A cu­bist ca­pac­ity

Citroen re-in­ter­prets the Pi­casso as a smart, al­most sci-fi, five-seater hatch

Herald Sun - Motoring - - News - CHRIS RI­LEY chris.ri­ley@news.com.au

CITROEN’S big­gest seller is the Ber­lingo van, fol­lowed by the Grand Pi­casso, its well­re­garded seven-seater with more ca­chet than other peo­plemovers. So what made the brand think that by shrink­ing the car and re­mov­ing two seats it would sell more cars? Price for one thing. Launched this week, the full-of-fruit C4 Pi­casso is priced from $40,990 plus on roads — $4000 less than its larger sib­ling. It’s not a big dif­fer­ence but Citroen likens the Pi­casso to a large hatch that will ap­peal to a dif­fer­ent kind of buyer.

Shorter and lower than its Grand sib­ling, the Pi­casso still shares a plat­form with the larger car and re­lated ve­hi­cles, in­clud­ing the Peu­geot 308.

The rear bench is di­vided into three in­di­vid­u­ally ad­justable seats, all with Isofix tether points for child seats.

The 1.6-litre turbo (121kW/ 240Nm) is a ver­sion of the award-win­ning en­gine shared with BMW and Mini, re­tuned for bet­ter low-end re­sponse.

It is paired with a new sixspeed auto with pad­dle-shifters, though progress is leisurely. It’s nearly 1900kg in full spec and does 0-100km/h in 9.3 sec­onds.

Claimed thirst is 5.6L/100km — we av­er­aged 8.7L in 300km of mixed driv­ing — and the tank holds 57L of 95 RON.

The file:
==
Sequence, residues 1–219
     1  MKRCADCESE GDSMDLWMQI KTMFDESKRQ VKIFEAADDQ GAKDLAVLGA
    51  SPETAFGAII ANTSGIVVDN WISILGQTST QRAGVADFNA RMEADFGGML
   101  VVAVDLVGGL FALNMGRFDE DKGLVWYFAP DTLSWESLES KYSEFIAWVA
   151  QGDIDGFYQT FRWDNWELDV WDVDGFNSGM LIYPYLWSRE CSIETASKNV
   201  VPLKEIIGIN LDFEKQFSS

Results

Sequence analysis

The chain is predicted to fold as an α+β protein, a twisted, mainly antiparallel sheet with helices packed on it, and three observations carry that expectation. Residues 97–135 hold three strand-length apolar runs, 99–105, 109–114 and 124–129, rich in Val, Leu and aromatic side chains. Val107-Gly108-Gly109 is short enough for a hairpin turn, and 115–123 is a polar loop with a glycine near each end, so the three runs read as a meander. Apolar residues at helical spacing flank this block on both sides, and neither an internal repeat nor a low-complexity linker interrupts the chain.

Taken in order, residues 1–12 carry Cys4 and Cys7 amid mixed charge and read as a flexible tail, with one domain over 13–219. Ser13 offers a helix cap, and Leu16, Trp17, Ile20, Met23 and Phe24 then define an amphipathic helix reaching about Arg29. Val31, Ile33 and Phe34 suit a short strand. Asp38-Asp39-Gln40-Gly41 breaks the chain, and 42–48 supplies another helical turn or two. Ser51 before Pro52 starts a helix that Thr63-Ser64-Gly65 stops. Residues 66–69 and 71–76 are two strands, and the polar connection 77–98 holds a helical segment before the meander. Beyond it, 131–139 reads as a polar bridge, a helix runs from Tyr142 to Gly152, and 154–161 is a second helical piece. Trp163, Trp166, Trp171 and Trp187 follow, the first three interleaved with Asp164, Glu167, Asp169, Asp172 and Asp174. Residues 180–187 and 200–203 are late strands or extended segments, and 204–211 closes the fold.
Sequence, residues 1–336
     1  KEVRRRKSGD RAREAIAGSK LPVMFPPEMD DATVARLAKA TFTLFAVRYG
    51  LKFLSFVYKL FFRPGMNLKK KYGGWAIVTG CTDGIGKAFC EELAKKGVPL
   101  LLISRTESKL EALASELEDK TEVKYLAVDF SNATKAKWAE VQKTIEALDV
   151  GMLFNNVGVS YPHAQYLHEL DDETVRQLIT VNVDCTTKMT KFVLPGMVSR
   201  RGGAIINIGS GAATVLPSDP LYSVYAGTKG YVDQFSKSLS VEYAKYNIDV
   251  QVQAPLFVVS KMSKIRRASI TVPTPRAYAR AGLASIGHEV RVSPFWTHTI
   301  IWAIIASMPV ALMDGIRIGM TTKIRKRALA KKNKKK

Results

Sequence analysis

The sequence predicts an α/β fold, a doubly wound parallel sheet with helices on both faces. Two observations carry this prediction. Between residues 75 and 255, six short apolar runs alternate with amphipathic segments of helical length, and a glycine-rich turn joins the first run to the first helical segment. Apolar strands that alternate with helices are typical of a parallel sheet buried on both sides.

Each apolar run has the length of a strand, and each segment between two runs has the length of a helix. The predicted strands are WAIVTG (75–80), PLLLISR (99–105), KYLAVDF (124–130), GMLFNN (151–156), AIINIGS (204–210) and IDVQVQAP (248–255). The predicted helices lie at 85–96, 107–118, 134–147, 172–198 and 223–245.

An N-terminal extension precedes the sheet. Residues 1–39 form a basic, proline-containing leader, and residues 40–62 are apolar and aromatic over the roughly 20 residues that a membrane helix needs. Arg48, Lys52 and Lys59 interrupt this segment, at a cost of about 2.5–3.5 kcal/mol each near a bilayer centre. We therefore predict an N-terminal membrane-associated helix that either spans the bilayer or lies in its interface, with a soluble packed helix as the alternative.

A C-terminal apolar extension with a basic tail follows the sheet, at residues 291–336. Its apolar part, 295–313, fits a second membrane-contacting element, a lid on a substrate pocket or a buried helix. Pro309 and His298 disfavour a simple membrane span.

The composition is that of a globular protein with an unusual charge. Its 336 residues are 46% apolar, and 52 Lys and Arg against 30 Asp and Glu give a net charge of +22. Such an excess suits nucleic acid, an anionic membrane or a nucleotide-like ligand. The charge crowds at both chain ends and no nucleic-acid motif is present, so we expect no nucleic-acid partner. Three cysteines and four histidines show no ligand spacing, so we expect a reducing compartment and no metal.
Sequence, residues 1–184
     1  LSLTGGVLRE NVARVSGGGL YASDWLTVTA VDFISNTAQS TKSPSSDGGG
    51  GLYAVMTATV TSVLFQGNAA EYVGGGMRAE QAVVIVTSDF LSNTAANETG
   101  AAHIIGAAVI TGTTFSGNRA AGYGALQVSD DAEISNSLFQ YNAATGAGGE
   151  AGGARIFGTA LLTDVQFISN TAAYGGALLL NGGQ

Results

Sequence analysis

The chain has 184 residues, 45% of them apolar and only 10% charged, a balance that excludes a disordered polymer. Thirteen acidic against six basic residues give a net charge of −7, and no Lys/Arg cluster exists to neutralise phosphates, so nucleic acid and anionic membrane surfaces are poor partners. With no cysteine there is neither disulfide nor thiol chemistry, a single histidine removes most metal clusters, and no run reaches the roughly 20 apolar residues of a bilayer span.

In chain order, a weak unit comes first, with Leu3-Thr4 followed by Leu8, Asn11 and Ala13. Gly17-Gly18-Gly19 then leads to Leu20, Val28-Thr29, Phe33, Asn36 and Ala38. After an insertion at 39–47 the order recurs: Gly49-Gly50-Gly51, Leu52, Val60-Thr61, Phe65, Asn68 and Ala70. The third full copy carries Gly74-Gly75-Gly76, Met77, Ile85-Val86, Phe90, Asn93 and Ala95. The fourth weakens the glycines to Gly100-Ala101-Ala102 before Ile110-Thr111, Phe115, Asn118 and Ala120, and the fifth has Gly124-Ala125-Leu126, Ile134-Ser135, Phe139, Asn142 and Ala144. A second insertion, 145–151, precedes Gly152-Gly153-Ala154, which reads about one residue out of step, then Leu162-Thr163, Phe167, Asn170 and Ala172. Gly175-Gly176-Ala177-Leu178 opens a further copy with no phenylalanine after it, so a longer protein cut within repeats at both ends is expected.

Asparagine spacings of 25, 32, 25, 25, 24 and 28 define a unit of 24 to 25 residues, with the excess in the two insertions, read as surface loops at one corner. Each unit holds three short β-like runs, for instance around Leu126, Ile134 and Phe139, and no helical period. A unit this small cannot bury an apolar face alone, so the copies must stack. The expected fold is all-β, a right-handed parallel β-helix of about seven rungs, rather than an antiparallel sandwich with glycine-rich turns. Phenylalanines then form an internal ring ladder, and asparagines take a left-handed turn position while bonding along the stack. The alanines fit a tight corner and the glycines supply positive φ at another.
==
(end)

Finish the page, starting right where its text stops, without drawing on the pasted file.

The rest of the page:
Citroen de­layed the launch so it could get the auto in­stead of the robo­tised man­ual that has copped much crit­i­cism.

The Pi­casso de­liv­ers some seg­ment firsts such as a 360de­gree view mon­i­tor. Its self­park­ing setup can fit into spots with as lit­tle as 20cm clear­ance.

Stan­dard gear in­cludes sat­nav, 17-inch al­loys, panorama glass roof, blind spot mon­i­tor, front and rear park­ing sen­sors, dig­i­tal ra­dio and du­al­zone cli­mate con­trol air­con. The spare is a space-saver.

Drive As­sist, a $2000 op­tion, adds lane de­par­ture warn­ing, smart beam func­tion, ac­tive cruise con­trol, anti-col­li­sion warn­ing and ac­tive seat belts.

Strik­ing, al­most space-age styling cloaks a smor­gas­bord of tech­nol­ogy. The cabin is dom­i­nated by the two com­puter screens and large wind­screen. The up­per, su­per-wide 12-inch screen con­tains the two main in­stru­ment di­als plus in­for­ma­tion pan­els. Choose from three themes or upload your own back­ground im­age.

The lower touch-sen­si­tive seven-inch screen con­trols all on-board and ve­hi­cle func­tions.

It’s a gad­get lover’s dream but many could find the Pi­casso daunt­ing to drive for the first time — it can take an hour to grasp how the tech­nol­ogy works. The driv­ing po­si­tion is high and all-round vi­sion is good.

The car per­forms well with two aboard. It could be a harder slog with a five aboard and large adults may not ap­pre­ci­ate the small­ish rear seats.

Ride qual­ity is sur­pris­ingly sup­ple even though the sus­pen­sion has not been tuned for lo­cal con­di­tions. Citroen says the Pi­casso is en­gi­neered to feel “just like new” even af­ter 45,000km.


As good as it might be it’s a case of sell­ing the brand rather than the car. The six-year un­lim­ited kilo­me­tre war­ranty, capped price ser­vic­ing plus road­side as­sist and the seg­ment’s largest boot (537L) cer­tainly won’t hurt.

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